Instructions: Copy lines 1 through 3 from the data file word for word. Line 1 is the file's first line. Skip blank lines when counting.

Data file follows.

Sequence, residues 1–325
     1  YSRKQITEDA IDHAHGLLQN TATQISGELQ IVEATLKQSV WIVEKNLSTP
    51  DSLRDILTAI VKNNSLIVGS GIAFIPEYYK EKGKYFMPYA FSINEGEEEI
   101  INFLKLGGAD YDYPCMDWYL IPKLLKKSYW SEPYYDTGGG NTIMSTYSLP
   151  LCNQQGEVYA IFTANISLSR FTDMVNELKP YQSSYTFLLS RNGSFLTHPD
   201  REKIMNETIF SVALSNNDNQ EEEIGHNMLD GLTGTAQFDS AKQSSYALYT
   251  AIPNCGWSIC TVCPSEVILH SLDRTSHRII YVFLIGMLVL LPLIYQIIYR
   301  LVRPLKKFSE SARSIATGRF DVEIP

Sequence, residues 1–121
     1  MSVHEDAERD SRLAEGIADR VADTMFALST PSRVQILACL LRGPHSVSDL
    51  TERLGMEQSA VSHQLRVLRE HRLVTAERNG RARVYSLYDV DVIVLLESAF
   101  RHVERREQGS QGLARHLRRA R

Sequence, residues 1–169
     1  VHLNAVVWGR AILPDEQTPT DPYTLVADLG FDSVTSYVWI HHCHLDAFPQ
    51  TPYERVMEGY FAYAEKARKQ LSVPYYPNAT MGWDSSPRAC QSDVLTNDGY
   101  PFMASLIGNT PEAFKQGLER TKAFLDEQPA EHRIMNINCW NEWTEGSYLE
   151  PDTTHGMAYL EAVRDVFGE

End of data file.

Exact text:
Sequence, residues 1–325
     1  YSRKQITEDA IDHAHGLLQN TATQISGELQ IVEATLKQSV WIVEKNLSTP
    51  DSLRDILTAI VKNNSLIVGS GIAFIPEYYK EKGKYFMPYA FSINEGEEEI